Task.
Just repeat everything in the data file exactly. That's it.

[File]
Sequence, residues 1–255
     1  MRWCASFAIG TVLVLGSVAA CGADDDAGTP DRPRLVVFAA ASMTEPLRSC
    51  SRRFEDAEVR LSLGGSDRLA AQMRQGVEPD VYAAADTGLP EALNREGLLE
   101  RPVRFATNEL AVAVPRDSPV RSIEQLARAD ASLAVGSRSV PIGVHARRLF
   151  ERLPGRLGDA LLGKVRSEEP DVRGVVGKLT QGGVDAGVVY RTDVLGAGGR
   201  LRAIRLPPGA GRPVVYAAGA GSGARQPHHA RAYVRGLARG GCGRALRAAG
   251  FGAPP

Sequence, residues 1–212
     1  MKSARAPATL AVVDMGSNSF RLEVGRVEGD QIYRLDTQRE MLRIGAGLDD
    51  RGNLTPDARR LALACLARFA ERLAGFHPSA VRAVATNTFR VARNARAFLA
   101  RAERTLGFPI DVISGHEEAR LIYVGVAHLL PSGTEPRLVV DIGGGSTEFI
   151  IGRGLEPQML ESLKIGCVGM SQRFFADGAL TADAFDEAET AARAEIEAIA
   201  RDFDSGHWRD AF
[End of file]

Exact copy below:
Sequence, residues 1–255
     1  MRWCASFAIG TVLVLGSVAA CGADDDAGTP DRPRLVVFAA ASMTEPLRSC
    51  SRRFEDAEVR LSLGGSDRLA AQMRQGVEPD VYAAADTGLP EALNREGLLE
   101  RPVRFATNEL AVAVPRDSPV RSIEQLARAD ASLAVGSRSV PIGVHARRLF
   151  ERLPGRLGDA LLGKVRSEEP DVRGVVGKLT QGGVDAGVVY RTDVLGAGGR
   201  LRAIRLPPGA GRPVVYAAGA GSGARQPHHA RAYVRGLARG GCGRALRAAG
   251  FGAPP

Sequence, residues 1–212
     1  MKSARAPATL AVVDMGSNSF RLEVGRVEGD QIYRLDTQRE MLRIGAGLDD
    51  RGNLTPDARR LALACLARFA ERLAGFHPSA VRAVATNTFR VARNARAFLA
   101  RAERTLGFPI DVISGHEEAR LIYVGVAHLL PSGTEPRLVV DIGGGSTEFI
   151  IGRGLEPQML ESLKIGCVGM SQRFFADGAL TADAFDEAET AARAEIEAIA
   201  RDFDSGHWRD AF